Most close followers of American politics, regardless of affiliation, would agree that Barack Obama’s 2008 Presidential campaign was a masterful one. The candidate conducted himself with cool smarts and emotional intelligence — often at levels that belied his relative inexperience on the national stage. He assembled around him a leadership team that advised him well and built a superb campaign organization.
However, to date, his Presidency has been less successful. Despite some victories, he repeatedly has been outflanked by his political opponents, and often his message has been garbled and indecisive.
Why the disconnect? How can such a remarkable candidate morph into a President who often seems to have lost the strong, decisive voice and strategic edge that swept him into office?
All the bells & whistles
This piece is not about praising or pummeling President Obama’s record per se. I voted for him in 2008 and likely will vote for him in 2012 (albeit less enthusiastically), but I respect the fact that others may feel differently.
Rather, this article is about how Barack Obama exemplifies a cohort of young (or youngish), extremely able, and advantaged professionals whose compelling personal qualities and talents create opportunities for which they are not quite ready.
Members of this “Let-Me-Impress-You Club” have spent their lives jumping through the right hoops, going to the right schools, and schmoozing the right people. However, many have not been tested under fire. Consequently, their on-the-job learning tends to come on a bigger stage than the typical training ground, and their bad decisions thus come at a higher cost.
In a recent piece for the New York Times (link here), James Atlas found himself fawning over a cohort of young people who appear to possess extraordinary credentials and abilities:
Let’s call this species Super Person.
Do we have some anomalous cohort here? Achievement freaks on a scale we haven’t seen before? Has our hysterically competitive, education-obsessed society finally outdone itself in its tireless efforts to produce winners whose abilities are literally off the charts? And if so, what convergence of historical, social and economic forces has been responsible for the emergence of this new type? Why does Super Person appear among us now?
If you’ve ever spent time around a prestigious law school or business school, you’ve seen these folks in abundance. They sport absolutely frightening lists of accomplishments, and often they believe they are meant to fulfill a certain personal destiny. Many, however, are prime candidates for the Let-Me-Impress-You Club.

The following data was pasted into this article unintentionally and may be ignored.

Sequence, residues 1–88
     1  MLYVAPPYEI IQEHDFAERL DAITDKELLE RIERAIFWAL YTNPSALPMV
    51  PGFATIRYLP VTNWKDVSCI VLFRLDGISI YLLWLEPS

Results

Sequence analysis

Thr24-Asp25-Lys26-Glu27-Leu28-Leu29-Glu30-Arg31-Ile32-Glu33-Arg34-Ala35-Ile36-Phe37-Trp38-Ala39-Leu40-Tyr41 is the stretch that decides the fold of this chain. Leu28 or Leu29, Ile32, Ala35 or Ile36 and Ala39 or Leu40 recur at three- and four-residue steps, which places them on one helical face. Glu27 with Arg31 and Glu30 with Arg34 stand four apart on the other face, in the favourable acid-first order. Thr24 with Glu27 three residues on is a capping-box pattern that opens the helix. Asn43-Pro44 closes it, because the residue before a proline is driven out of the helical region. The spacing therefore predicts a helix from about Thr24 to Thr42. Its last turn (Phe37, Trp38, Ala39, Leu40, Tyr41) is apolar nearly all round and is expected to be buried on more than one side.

I submit that once Barack Obama entered Harvard Law School and began building a record of achievement there, he joined this group of very able and privileged individuals.
A missing piece
Regrettably, many of these well-credentialed and connected individuals have spent more time auditioning than performing. Their fast-tracked careers become a continuous series of interviews and tryouts aiming toward the next rung on the ladder.
As I recently observed:
The School of Life is a valuable teacher. That’s why when it comes to leadership positions, in most cases I’ll opt for a talented, energetic, albeit weathered veteran over a shiny ingenue or a hyper-confident rookie.
Going with an untested leader is a crapshoot, plain and simple. Sometimes it works out well, but I’m convinced that — other things being relatively equal — we’ll get better results with more seasoned people at the helm.
Prepped for conformity
In addition, Let-Me-Impress-You Club members typically are conditioned not to challenge the Establishment, especially if doing so poses a risk to their résumés. As I have done previously, let me draw upon an insightful 2009 speech on leadership that writer William Deresiewicz delivered to West Point plebes:
Why is it so often that the best people are stuck in the middle and the people who are running things—the leaders—are the mediocrities? Because excellence isn’t usually what gets you up the greasy pole. What gets you up is a talent for maneuvering. . . . Pleasing your teachers, pleasing your superiors, picking a powerful mentor and riding his coattails until it’s time to stab him in the back. . . . Being whatever other people want you to be, so that it finally comes to seem that . . . you have nothing inside you at all.
Back to the President
Okay, Barack Obama is hardly a mediocrity. He is a gifted individual, and we saw that on the campaign trail in 2008.
But at least let’s consider the possibility that many Let-Me-Impress-You clubbers are not prepared to be excellent, difference-making leaders because they are so devoted to, and invested in, a status quo that offers them so much.
For example, isn’t it telling that after the election, the man who touted himself as the voice of change surrounded himself with some of the same establishment, Ivy-encrusted economic advisers who helped to give us the economic meltdown in the first place?
And when he found his idealistic, non-partisan, let’s-work-together message being drowned out by opposition from those determined to make him a one-term President, isn’t it possible that Obama hit a personal wall, not accustomed to such angry resistance and hostility after a career of being regarded as a Chosen One?
Preparing and selecting leaders
This exemplifies a challenge facing many members of the Let-Me-Impress-You Club. They have learned how to wow people in a room with their personalities and accomplishments, but they haven’t quite figured out how to lead when the going gets tough and they are no longer cheered by admirers.
It also reflects a fundamental problem with how we select people for positions of influence and responsibility. Too often we make these choices on the basis of Let-Me-Impress-You credentials and qualities, while downplaying, if not ignoring, other important indicia of who can provide effective service and leadership.